Pheochromocytoma Anesthetic Management


Pheochromocytomas are catecholamine producing tumors and although uncommon present a great challenge to the anesthesiologist since it has nonspecific clinical symptoms and risk of critical events, including death when not previously diagnosed. Clinical manifestation is variable, unspecific and depends on the catecholamine production profile. The classic triad of headache, palpitation and diaphoresis is present in up to 70% of the cases and only 50% have sustained hypertension. The best approach for pheochromocytoma treatment is surgical excision of the affected adrenal gland. The introduction of alpha adrenergic blockade medication, such as phentolamine and phenoxybenzamine had the highest impact in perioperative mortality reduction due to inhibition of the deleterious effect of vasoconstriction. The majority of anesthetic techniques and drugs are considered safe. Post-operative care in intensive care unit is advisable since patients may present instability of blood pressure and hypoglycemia. Genetic testing should be done in first-degree relatives of confirmed cases or when a genetic syndrome is suspected.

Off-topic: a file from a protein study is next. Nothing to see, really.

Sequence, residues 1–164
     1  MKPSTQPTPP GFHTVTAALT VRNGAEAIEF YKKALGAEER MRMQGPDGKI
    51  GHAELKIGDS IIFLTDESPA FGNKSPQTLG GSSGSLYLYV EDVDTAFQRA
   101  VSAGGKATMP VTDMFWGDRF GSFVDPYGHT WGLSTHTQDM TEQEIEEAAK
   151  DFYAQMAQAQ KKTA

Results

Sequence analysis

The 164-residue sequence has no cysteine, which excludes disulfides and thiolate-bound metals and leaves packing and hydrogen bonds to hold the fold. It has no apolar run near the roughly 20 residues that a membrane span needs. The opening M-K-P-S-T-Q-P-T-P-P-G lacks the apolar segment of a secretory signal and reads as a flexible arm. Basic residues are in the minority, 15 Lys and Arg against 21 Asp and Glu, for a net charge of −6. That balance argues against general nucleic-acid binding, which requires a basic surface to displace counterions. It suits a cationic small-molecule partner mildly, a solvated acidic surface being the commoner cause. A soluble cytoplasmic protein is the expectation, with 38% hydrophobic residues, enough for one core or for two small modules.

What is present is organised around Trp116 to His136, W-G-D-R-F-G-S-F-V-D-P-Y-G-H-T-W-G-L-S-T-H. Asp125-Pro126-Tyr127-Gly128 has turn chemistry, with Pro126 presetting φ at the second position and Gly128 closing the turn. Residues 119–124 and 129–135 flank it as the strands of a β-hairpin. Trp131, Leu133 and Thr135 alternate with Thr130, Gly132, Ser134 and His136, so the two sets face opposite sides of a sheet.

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D. Kim, C. Matsui, J. Gozzani and L. Mathias, "Pheochromocytoma Anesthetic Management," Open Journal of Anesthesiology, Vol. 3 No. 3, 2013, pp. 152-155. doi: 10.4236/ojanes.2013.33035.

Conflicts of Interest

The authors declare no conflicts of interest.


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